It felt pretty good, all things considered. The people were nice and friendly. The message was uplifting. The fellowship was genuine. All in all, not a bad way to spend an hour or two on a Sunday morning. I recommend it if you've felt that something might be missing in your life. Do you suppose this is what it means to catch religion? Am I going to go all freaky on you now? Nawwwww. I'm immune. I think. Maybe. We'll see.
After all, I've read the Bible, cover to cover (twice!) and it hasn't turned me into one of those lunatics who randomly ask others if they have been saved. Just goes to show that one can rub shoulders with religion in general and Christians in particular without fear of catching something religious.
Walking the Walk
My visit to church jump started my thoughts on Christianity, though. What it means to be a Christian, that is. Bear with me, because you are going to come away from today's musings surprised, I guarantee you. Surprised at me, if not with me. And it isn't religious - not at all.
Recently, I was "vetted" by an officer of the Idaho Constitution Party, the first of what he described as a three-step process. Near as I could tell, he was trying to learn if I was Christian enough to be blessed with the party's gubernatorial nomination. Somehow, I passed his scrutiny, which proves that plank from the National Constitution Party platform specifying that "there shall be no religious test to hold office."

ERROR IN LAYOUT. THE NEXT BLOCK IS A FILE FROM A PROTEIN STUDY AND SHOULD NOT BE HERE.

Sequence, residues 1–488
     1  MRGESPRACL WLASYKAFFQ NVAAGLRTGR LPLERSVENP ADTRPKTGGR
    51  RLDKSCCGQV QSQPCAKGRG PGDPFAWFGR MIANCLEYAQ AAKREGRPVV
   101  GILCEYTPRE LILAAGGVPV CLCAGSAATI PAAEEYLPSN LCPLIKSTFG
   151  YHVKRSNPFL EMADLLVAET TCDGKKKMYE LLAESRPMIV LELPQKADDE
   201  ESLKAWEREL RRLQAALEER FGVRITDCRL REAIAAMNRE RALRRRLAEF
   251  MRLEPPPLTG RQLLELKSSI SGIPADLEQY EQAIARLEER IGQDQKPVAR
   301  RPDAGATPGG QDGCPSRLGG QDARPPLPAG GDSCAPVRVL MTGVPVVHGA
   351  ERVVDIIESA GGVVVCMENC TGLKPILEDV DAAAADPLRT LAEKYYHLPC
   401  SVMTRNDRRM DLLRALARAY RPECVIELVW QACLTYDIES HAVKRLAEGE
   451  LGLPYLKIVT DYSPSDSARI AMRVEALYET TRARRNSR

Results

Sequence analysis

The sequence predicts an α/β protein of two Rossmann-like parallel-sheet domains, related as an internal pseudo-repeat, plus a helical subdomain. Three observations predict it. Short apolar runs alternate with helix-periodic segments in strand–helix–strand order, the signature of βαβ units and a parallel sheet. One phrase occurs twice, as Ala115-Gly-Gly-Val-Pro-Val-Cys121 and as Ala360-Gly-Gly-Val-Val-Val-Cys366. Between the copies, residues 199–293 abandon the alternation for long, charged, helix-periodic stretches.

My experience with Step 1 of the Idaho Constitution Party vetting process reinforced what my brother, the Southern Baptist, means when he says that he considers me to be a Christian. Now I realize that he doesn't speak of a religious test in the sense of talking the talk, but rather of a life test in walking the walk. Funny, but I never really before had considered it in quite that way. You know, all that business about serial rapists/killers having deathbed conversions and thereby getting into heaven while I, who have led a good and principled, if unremarkable, life, might well be consigned to Hell for not having uttered the magic words. Maybe there is something just and redeeming about organized religion, after all. Well ... some of it, anyway.